Magazine article Screen International

'The Wolfpack': Review

Magazine article Screen International

'The Wolfpack': Review

Article excerpt

Dir: Crystal Moselle. USA. 2015. 90 mins.

There are documentaries which raise questions about their themes and subjects, and others which raise questions about their methods. The reason The Wolfpack is so fascinating, and at times so disturbing, is because it keeps us teetering uneasily between empathy for a remarkable human drama and the suspicion that we're not getting the whole truth, let alone nothing but the truth.

The story is one any young documentary-maker would trade their Maysles brothers box-set to stumble on. Seven strikingly handsome yet also unsettlingly intense siblings ranging in age (we guess) from their early teens to their mid-twenties have grown up in near-seclusion in a City Housing Authority apartment in New York's Lower East Side, being home-schooled and rarely venturing outside. This pressure-cooker environment, combined with a well-stocked home DVD and VHS library, has prompted them to take refuge in play-acting, but of a very special kind: they re-enact their favourite movies – like Reservoir Dogs – scene by scene, doing the voices and making all the costumes and props out of whatever they can get their hands on.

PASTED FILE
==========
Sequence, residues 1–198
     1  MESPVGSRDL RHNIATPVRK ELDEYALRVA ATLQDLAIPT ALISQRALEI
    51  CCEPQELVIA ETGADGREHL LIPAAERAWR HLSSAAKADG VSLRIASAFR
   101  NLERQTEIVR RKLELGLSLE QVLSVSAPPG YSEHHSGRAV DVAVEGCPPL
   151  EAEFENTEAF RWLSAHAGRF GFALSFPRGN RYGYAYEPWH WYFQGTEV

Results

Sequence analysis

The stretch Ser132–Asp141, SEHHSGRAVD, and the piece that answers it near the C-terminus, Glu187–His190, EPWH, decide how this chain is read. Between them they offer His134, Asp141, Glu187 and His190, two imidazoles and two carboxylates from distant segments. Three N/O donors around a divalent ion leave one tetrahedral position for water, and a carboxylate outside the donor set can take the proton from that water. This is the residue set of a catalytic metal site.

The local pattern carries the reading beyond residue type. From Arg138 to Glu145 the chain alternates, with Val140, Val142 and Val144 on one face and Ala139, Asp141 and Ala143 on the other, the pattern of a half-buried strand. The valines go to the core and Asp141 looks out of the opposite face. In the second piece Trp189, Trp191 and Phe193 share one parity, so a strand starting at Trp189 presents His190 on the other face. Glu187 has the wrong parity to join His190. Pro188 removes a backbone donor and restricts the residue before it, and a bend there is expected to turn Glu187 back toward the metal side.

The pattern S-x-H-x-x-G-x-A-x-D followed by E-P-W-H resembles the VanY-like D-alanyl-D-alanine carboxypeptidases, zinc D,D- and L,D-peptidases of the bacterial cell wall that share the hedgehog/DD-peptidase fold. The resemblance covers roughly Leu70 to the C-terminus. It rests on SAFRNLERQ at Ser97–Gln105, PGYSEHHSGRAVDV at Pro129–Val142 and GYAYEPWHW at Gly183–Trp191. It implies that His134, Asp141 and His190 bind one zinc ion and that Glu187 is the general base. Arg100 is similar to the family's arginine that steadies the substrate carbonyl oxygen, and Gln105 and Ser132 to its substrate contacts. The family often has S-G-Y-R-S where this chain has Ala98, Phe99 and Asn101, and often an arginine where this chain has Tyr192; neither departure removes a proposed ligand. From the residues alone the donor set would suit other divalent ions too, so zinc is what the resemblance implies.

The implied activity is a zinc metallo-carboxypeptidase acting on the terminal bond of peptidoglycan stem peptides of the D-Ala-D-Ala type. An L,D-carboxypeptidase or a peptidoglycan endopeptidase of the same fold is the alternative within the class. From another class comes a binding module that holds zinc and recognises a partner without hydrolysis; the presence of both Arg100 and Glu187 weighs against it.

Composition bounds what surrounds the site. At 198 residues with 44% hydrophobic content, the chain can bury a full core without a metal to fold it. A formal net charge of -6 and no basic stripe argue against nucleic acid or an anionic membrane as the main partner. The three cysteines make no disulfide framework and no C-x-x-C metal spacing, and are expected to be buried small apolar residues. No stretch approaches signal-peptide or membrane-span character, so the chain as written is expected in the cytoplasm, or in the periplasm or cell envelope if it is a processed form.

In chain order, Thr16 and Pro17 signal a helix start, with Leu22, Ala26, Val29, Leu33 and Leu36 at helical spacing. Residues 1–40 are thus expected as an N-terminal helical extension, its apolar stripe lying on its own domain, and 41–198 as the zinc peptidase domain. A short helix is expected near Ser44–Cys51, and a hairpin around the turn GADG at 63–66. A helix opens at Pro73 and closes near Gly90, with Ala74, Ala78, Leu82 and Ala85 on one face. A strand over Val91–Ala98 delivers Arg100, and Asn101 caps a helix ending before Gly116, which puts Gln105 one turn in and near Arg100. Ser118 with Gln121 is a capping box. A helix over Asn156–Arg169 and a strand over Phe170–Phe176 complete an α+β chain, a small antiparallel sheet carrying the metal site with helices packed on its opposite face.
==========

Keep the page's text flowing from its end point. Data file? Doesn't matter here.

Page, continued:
Weird? You bet. Weird and original enough to propel this feature-length documentary – picked up by Magnolia shortly after its Sundance debut – to a theatrical run, one that will be fuelled also, for film buffs, by the sheer inventiveness of the Angulo clan's cinematic re-imaginings, by the way they use movies (including The Dark Knight Rises, re-enacted with costumes made from yoga mats) as a kind of secret language.

The oddness of this hothouse world is compounded by a growing sense of menace in the apartment where most of the documentary is filmed – a menace that centres on Oscar, the father, a Peruvian follower of Hare Krisna (hence the kids' Hindu-deity names), who met his children's mother when she was on the Machu Picchu hippy trail and who seems to tyrannise over the roost from behind a closed door. His wife, Susanne, shows some of the classic signs of the dependent victim of domestic abuse – something more than hinted at in the interviews with her and her boys that provide the film's backbone (Vishnu, the single girl among the seven siblings, hardly opens her mouth). …

Search by... Author
Show... All Results Primary Sources Peer-reviewed

Oops!

An unknown error has occurred. Please click the button below to reload the page. If the problem persists, please try again in a little while.